APPLE TV FILM REVIEW: THE TRAGEDY OF MACBETH (2021)
Directed by Joel Coen
Screenplay by Joel Coen (Based on Macbeth by William Shakespeare)
Produced by: Joel Coen, Frances McDormand, Robert Graf
Cast: Denzel Washington, Frances McDormand, Bertie Carvel, Alex Hassell, Corey Hawkins, Harry Melling, Brendan Gleeson etc.
Cinematography: Bruno Delbonnel
*** SPOILERS ALERT ***
The Coen Brothers – Ethan and Joel Coen – are, as a filmmaking duo, one of the most original, imaginative, daring, and brilliant artists of my generation. I have watched all of their films many times at the cinema and at home, having completely connected with their distinct style and cinematic voice from their very first film, Blood Simple (1984) to their most recent release anthology Western The Ballad of Buster Scruggs (2018). As they’ve developed as filmmakers my admiration has grown exponentially over the years. They have worked within the studio system while maintaining their cinematic individuality and independent spirit.
Thus, it was a surprise when it was announced that Ethan Coen was taking a break from filmmaking, leaving his brother to venture out solo. Joel’s first production as a singular director is an adaptation of William Shakespeare’s famous Scottish play, The Tragedy of Macbeth (2021). With Denzel Washington cast in the lead and Frances McDormand portraying Lady Macbeth, Joel Coen certainly brought major talent to this prestige Apple production. Yet, given how familiar the play is to the world and the number of film, stage, radio and TV adaptations there have been, could the sole Coen breathe fresh life into this ancient tome?
If you haven’t seen or read Macbeth it is a tragedy first believed to have been performed in 1606. It deals with Macbeth’s journey from heroic warrior to murderous King to paranoiac and haunted mad person. Shakespeare’s themes are so absorbing in relation to the nature of ambition, fate and how a greedy lust for power will destroy a man’s soul and future. The play’s language is pure bewitching poetry and the gothic spirit which pervades the story clutches and squeezes at one’s organs tightly. Macbeth’s fate is sealed as soon as he believes the three witches prophecy on the battlefield. He is damned by his own hubris as well as his wife’s subtle manipulations. But how well does Joel Coen and his stellar cast capture such themes and character intricacies?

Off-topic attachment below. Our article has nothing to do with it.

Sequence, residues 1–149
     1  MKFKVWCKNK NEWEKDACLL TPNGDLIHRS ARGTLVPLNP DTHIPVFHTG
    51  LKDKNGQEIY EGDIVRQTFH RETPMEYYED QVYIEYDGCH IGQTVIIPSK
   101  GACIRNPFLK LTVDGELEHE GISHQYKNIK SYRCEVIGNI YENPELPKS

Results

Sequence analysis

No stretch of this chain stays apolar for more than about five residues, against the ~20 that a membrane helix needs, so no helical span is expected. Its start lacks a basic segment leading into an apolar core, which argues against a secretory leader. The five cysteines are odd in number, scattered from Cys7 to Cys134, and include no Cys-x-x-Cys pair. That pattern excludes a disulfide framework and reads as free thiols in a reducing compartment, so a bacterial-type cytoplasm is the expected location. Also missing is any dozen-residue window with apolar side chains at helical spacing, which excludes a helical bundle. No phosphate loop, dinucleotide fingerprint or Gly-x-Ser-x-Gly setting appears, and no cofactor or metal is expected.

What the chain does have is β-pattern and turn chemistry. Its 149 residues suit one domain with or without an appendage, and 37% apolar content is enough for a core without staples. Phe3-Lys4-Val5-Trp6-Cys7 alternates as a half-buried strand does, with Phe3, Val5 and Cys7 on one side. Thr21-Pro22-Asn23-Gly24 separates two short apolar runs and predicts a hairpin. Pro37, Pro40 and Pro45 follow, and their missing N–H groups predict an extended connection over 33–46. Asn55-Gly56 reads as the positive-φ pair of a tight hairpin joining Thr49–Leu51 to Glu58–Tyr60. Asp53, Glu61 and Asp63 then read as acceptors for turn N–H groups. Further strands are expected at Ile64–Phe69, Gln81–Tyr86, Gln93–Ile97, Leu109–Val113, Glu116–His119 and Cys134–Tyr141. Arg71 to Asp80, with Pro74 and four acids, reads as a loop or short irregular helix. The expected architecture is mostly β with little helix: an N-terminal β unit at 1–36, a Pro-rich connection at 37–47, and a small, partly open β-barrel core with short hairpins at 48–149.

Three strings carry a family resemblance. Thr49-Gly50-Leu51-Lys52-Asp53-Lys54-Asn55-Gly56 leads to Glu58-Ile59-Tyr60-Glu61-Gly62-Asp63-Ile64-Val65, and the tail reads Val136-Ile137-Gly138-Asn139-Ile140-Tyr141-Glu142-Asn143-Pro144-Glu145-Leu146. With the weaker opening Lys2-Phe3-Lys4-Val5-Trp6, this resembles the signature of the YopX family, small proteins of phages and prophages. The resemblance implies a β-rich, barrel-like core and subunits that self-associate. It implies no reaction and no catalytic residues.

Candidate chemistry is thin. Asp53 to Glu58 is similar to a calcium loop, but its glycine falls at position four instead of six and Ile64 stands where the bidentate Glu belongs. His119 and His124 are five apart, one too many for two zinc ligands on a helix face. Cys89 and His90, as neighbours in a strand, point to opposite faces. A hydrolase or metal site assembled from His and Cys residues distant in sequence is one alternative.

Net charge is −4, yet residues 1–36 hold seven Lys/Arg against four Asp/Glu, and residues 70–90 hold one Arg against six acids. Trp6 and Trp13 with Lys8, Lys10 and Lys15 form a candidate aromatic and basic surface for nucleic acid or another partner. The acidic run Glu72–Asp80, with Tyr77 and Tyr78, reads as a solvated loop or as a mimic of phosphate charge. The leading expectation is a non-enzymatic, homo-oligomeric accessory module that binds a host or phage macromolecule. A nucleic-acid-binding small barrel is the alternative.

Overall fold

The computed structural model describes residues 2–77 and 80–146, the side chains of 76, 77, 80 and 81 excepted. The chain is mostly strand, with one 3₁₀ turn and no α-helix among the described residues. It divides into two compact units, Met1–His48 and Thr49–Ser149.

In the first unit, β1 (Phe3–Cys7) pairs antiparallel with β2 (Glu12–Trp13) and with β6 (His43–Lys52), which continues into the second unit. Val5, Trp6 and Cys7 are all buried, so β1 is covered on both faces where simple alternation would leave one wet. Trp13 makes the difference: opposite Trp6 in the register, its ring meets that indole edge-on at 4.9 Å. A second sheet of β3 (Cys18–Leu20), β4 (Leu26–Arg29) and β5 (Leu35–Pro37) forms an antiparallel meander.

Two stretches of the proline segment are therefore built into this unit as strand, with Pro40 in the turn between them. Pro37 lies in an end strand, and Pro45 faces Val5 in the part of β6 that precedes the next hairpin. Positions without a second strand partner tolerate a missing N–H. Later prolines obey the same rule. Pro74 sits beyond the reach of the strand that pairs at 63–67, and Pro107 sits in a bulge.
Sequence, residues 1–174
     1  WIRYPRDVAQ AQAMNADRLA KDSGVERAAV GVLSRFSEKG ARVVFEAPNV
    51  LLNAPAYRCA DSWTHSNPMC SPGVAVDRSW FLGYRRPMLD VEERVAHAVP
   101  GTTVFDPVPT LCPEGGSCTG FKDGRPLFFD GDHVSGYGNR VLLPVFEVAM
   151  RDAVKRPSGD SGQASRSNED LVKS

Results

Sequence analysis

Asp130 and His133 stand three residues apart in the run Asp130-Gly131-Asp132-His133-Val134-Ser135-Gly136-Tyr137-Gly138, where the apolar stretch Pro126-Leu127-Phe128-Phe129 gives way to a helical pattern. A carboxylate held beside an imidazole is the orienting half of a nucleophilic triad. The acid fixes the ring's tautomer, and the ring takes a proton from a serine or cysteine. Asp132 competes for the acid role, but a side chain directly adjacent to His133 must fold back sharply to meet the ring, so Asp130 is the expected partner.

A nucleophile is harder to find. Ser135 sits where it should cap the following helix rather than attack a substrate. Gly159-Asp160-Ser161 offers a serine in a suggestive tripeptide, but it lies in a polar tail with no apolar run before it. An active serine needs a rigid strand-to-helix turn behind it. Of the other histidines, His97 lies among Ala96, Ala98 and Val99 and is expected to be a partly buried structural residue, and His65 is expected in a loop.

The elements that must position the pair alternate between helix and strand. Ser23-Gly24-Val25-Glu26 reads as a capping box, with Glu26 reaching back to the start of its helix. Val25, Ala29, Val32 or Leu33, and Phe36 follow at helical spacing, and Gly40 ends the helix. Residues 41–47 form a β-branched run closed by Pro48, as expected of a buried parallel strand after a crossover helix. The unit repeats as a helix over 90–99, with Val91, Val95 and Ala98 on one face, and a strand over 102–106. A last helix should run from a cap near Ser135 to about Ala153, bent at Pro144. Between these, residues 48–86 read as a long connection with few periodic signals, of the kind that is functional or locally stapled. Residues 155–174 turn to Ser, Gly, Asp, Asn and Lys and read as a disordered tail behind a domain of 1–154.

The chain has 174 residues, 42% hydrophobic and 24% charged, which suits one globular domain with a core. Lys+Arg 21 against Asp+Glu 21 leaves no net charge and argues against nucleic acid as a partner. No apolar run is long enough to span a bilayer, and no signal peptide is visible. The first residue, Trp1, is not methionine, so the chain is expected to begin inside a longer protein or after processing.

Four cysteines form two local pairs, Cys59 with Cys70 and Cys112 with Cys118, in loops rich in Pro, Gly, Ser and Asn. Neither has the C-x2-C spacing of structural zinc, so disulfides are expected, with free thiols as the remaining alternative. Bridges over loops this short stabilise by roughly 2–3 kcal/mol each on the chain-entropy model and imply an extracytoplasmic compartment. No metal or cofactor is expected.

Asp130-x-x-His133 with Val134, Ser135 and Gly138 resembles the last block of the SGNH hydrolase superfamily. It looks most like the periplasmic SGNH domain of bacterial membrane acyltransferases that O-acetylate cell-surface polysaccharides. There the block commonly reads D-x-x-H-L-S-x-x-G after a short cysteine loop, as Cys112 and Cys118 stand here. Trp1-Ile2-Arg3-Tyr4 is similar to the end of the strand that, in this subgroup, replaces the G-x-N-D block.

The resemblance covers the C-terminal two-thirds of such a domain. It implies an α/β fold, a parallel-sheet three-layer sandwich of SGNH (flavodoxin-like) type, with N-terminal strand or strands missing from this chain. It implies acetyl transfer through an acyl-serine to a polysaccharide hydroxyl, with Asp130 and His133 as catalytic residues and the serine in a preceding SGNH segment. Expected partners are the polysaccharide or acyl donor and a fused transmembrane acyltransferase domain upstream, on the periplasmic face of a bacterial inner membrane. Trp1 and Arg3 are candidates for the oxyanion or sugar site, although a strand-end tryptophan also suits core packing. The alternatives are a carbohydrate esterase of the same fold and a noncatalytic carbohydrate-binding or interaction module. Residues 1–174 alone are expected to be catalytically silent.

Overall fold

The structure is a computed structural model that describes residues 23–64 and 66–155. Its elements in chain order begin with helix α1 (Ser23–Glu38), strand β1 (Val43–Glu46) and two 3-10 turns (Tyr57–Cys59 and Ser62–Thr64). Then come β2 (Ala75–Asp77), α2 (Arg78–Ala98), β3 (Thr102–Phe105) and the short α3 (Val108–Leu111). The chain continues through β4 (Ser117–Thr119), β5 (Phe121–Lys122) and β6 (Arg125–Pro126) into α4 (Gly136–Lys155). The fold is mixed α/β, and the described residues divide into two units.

Firstly, the look of The Tragedy of Macbeth (2021) is astounding. Shot in brooding monochrome, shadows loom ominously creeping closer via Bruno Delbonnel’s striking cinematography. Moreover, the large sets dwarf the players given them a trapped feel. As though the walls are closing in on their souls as each fateful decision is made. The cast are uniformly superb too. Indeed, Coen makes a fascinating decision regarding the witches, having them portrayed in tremendously twisted fashion by one actor, Kathryn Hunter. Washington and McDormand are of course excellent. However, having such iconic actors in the leads did cause some disconnect with their respective characters. Plus, and I realise it is sacrilege to say this, but I always felt that Macbeth and his wife’s fall into insanity seemed to come too quickly in the latter acts. Lady Macbeth’s suicide in this adaptation felt particularly rushed.
My main tragedy of The Tragedy of Macbeth (2021) is that I did not enjoy it as much as many of the critics have. It is an incredibly wondrous film to look at. The sound also crackles and pops with howling wind, squawking birds, metal swords clashing and THAT sensational dialogue being delivered with majestic power by the cast. Yet somehow, despite the prodigious talent and excellent work presented by all I did not quite gel with it. I think it is probably my over-familiarity with the narrative, plus it was a very respectful adaptation. I would have liked to have seen more gore and action, rather than the restrained vision Joel Coen so expertly delivers here. Nonetheless, it remains another impressive addition to his amazing filmic curriculum vitae.